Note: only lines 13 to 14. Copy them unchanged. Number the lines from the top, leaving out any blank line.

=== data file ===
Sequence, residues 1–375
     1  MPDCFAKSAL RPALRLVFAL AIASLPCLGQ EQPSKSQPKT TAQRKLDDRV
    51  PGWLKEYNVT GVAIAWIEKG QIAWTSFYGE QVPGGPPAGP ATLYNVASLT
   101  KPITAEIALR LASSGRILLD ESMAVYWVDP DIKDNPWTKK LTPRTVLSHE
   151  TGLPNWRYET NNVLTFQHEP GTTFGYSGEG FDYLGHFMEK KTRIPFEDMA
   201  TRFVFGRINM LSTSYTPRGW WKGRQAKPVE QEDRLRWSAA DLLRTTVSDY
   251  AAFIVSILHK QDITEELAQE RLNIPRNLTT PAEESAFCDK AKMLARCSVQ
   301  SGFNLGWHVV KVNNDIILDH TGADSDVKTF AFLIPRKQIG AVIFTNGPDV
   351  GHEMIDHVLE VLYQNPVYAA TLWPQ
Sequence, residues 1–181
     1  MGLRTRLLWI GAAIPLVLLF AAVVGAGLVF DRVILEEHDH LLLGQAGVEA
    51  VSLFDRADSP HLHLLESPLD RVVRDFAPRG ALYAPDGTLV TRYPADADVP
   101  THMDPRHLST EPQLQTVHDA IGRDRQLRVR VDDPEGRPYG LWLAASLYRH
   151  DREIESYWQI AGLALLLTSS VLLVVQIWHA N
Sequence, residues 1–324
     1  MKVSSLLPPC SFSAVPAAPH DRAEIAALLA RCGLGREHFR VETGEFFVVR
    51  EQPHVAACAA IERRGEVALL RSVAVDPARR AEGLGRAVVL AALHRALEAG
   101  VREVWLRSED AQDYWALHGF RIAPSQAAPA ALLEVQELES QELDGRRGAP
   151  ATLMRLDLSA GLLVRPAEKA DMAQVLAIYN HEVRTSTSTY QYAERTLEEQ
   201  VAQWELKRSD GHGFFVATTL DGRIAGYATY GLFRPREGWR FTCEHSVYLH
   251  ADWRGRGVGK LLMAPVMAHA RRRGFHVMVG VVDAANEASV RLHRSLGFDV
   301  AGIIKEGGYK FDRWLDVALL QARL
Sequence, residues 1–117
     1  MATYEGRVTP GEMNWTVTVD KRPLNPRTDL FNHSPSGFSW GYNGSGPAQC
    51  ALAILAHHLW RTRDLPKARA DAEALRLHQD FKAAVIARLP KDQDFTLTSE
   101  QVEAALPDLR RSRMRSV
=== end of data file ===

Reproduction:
   101  THMDPRHLST EPQLQTVHDA IGRDRQLRVR VDDPEGRPYG LWLAASLYRH
   151  DREIESYWQI AGLALLLTSS VLLVVQIWHA N